I was inspired to research and write this by an article in The Miller’s Tale which I particularly enjoyed.
The quince may not be as well-known or as common in our society as the apple, but perhaps it is unfairly overlooked, as the Miller’s Tale article tells us in more detail.
But here our focus is on the word itself rather than the fruit. Where does this word come from?
It comes into English in the early 14th century. At that time there were many forms, such as coin, quoine, quin, coince, quoyn and even coven. The form quince was one version of the plural, but by no means the only one; coines, cones, and coinces could also be seen. In an age before the standardisation of spelling, these variations sometimes reflect the local dialect and pronunciation, and sometimes simply reflect the writer’s own interpretation of how the letters should be used.
We can find various references to the quince in Middle English: here is one from The Romaunt of the Rose, translated into English by Chaucer. It dates to around 1425.
Many homly trees ther were,
That peches, coynes, and apples beere.
The source for the Middle English word was Old French, in which the word was cooin. (Compare this with Modern French coing).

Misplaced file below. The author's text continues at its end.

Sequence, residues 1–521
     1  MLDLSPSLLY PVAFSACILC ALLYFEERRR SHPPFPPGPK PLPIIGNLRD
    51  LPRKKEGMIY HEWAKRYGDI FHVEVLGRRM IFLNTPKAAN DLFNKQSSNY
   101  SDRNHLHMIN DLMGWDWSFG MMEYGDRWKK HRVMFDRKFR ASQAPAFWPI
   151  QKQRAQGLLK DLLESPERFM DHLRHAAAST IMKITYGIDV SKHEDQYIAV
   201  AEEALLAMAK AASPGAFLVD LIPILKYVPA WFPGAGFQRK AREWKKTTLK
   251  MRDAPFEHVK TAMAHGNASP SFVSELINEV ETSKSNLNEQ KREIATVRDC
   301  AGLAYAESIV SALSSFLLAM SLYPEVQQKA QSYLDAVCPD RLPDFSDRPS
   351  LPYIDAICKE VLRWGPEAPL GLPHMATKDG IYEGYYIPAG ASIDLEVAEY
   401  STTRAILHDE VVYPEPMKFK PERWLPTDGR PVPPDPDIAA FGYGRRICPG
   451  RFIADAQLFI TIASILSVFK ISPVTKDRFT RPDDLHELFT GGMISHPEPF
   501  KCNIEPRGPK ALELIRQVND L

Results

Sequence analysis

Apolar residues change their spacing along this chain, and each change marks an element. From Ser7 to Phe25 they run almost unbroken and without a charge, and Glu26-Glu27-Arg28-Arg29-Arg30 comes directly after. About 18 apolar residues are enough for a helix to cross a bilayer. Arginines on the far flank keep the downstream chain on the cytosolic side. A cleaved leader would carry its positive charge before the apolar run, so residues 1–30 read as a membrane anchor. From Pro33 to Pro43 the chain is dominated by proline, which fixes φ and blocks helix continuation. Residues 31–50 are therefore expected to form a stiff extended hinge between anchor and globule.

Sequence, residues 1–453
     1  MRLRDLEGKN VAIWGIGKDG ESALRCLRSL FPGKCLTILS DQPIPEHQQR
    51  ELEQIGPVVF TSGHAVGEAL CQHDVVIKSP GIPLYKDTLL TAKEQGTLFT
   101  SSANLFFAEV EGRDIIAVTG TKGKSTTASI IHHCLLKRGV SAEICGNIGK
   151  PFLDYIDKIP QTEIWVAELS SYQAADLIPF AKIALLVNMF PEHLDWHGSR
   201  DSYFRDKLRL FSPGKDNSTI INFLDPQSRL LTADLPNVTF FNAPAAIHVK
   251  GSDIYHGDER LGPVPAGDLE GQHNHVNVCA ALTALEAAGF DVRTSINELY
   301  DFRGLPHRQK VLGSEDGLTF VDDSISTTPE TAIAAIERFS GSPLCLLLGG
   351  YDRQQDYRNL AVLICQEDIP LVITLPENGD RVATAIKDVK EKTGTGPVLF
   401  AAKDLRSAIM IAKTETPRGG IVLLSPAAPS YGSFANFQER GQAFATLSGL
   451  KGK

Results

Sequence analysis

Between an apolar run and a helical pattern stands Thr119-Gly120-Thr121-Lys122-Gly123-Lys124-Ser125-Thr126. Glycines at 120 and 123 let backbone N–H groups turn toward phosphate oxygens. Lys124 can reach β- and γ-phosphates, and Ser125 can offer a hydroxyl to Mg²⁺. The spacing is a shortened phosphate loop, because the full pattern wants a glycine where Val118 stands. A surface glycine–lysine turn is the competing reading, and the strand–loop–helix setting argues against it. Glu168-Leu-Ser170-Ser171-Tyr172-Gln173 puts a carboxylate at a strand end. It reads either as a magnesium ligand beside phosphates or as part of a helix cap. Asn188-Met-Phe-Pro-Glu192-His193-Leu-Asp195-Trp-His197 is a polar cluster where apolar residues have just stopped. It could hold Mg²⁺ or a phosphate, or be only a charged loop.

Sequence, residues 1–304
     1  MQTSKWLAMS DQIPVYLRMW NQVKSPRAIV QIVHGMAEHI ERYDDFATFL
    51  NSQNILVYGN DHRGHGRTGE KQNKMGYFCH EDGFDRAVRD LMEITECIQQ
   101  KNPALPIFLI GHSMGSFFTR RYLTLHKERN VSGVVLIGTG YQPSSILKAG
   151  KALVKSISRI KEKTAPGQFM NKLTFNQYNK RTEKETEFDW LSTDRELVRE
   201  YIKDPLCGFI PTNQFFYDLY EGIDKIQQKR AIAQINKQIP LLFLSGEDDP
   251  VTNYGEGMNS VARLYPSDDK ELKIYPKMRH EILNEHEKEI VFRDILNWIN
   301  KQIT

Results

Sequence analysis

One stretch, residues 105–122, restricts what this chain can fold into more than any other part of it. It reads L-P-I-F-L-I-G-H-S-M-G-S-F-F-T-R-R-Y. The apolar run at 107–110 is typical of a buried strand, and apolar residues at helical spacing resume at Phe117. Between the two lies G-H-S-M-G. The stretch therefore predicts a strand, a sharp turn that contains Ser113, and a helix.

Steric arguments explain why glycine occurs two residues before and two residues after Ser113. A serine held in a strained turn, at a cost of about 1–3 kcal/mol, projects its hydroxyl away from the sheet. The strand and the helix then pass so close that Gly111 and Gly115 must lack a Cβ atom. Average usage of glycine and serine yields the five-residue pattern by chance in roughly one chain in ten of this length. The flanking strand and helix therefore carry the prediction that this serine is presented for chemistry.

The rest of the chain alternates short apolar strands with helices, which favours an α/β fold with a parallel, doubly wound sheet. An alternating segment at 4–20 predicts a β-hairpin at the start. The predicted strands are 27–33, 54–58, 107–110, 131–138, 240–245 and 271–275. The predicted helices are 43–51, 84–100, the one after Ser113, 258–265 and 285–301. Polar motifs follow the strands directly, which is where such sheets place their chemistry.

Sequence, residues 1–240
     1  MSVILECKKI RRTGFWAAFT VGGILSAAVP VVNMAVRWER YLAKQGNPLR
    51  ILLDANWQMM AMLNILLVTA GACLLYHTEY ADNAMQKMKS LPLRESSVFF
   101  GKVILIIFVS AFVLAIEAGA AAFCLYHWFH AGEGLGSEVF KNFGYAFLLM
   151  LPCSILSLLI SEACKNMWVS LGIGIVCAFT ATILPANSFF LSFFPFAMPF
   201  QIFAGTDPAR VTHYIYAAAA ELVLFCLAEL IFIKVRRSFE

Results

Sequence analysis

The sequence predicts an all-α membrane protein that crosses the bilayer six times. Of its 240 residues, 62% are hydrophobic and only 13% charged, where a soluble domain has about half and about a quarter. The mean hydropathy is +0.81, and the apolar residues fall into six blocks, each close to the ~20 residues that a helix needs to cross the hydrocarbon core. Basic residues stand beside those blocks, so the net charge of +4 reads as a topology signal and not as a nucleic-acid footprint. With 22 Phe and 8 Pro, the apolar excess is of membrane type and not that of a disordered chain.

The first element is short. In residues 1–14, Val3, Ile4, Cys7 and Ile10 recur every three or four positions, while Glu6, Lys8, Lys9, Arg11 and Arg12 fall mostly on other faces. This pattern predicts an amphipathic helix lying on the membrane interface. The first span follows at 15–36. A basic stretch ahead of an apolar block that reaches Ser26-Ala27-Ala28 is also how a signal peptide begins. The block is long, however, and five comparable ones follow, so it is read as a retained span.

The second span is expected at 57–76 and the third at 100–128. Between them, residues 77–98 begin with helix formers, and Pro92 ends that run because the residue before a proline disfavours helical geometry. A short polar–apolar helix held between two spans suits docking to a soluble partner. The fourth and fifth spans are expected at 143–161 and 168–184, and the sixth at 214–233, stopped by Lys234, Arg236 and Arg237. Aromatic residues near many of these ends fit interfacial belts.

The word in Old French came from Vulgar Latin, from the term codoneum, a slightly altered version of the earlier Latin term cotoneum malum, which meant “quince apple” or “quince fruit”. The word for ‘apple’ was often extended in use to refer to other kinds of fruit.
Cotoneum malum most likely derived from cydonium malum, which in turn came from Greek: kydonia malon (κυδώνιον μάλον) or kydonion melon/ milon (κυδώνιον μήλον). This meant ‘apple of Kydonia’. You may very well be wondering what Kydonia is or was: the answer is simple. It was a city in ancient Crete, named for its mythical founder Kydon (Κύδων). It was located in what is modern Chania (Χανιά), and it was there that a variety of quince was grown that mainland Greeks regarded as superior: hence the adoption of the name.